Cannesmay have been slim pickings for American buyers, but business was refreshinglybrisk for the rest of the world.

Pre-sellswere particularly buoyant, with international buyers snapping upmodestly-budgeted pictures in commercial genres such as Summit's The Alibi and The Dark, Nu Image/Millennium's Edison,Focus' Assault On Precinct 13 andEuropa's Revolver. With budgets kepttight and plenty of soft money sloshing around internationally, many companiesare happily financing projects without a US deal.

"Therehas been a better selection of films to pre-buy than there has been in threeyears," said Zygi Kamasa, co-founder of Redbus in the UK, one of the busiestterritories. "Sellers are being more realistic and films have competitivebudgets. Budgets can be 25% or 50% less than two or three years ago."

Cannesalso saw leading filmmakers such as Terry Gilliam and Neil Jordan returning tothe indie fold to set up edgier fare at a fraction of their customary budgetsat studios.

"Didthe world become more conservative in the last few years'" wondered Jordan ashe announced Pathe's Breakfast On Pluto."It seems only now that people are making more adventurous projects. Maybethings are looking up."

Althoughgenre pictures such as thrillers and horror were prevalent, the odd perioddrama sparked interest. Amongst the highest profile titles, UK producer AlisonOwen was re-structuring Tuilp Feveras an independent production at a scaled down budget of up to £20m.

Andalthough there was a dearth of new mega-budget productions, the biggest film onthe market, Gilliam's Brothers Grimm,was closing deals with Germany and France.

Inthe acquisitions market, smaller US buyers such as Thinkfilm were active, butstudio classics divisions kept their cheque-books closed. "It is mind-bogglingthat nothing has happened at all," said one US buyer "We've seen a lot ofinteresting films but they are for the specialist market. There's very littlewith any real break-out potential. The films have been just one step too shy ofbeing able to make it in the US at the box-office."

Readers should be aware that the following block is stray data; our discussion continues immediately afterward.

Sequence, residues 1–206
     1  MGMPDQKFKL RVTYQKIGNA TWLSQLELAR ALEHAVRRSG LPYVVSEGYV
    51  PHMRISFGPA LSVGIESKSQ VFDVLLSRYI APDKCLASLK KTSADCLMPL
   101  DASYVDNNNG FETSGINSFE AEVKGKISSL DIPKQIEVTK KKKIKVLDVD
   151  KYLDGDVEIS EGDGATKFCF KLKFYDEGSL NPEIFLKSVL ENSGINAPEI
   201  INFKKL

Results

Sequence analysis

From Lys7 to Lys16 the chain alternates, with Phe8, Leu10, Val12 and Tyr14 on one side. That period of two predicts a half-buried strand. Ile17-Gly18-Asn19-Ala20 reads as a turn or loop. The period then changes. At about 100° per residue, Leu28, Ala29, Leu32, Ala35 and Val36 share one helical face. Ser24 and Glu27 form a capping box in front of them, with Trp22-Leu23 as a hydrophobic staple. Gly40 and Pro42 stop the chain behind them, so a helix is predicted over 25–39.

Itwas a different story for the rest of the world, however, with the only reallyweak market being Spain. Sellers reported that Asia was particularly brisk.

Keyrecent deals saw Lakeshore sell Clint Eastwood picture Million Dollar Baby to France's Studiocanal, the UK'sEntertainment, Japan's Movie Eye, Spain's Filmax, Italy's RAI and VillageRoadshow for Australia and New Zealand.

Elsewhere,the UK's Momentum Pictures joined its Spanish sister company Aurum in boardingOdyssey's animation film Happily N'EverAfter. Element X sold Kevin Spacey picture Beyond The Sea to Gaga in Japan and Solo Film in Germany. AnotherUK-based company, Intamden, pre-sold Bille August's Return To Sender to such buyers as Atlas in Germany, Bridge inBenelux, Italy's DNC and Portugal's Lusomundo.

Somebuyers were disappointed with festival titles, but Critics Week film Brodeuses stirred up interest. FlachPyramide sold the film to Paradiso in Benelux, Bim in Italy and Folkets Bio inSweden, while Italy's Lady Films took Flach Pyramide's competition title Exils.

EmirKusturica's competition title Life Is AMiracle also went, with Wild Bunch closing deals, with Concorde in Germanyand Japan's Gaga.

MichaelWinterbottom's real-life sex film 9 Songs- the most controversial film at Cannes after Fahrenheit 9/11 - was also selling well for Wild Bunch. Revolver inItaly, Benelux's Paradiso, Switzerland's Frenetic and Greece's Audiovisualpicked up the film. Having spent days being hounded by journalists, producerAndrew Eaton joked that it was time to make a sequel.

NancyTartaglione, Liz Shackleton and Darcy Paquet contributed to this report.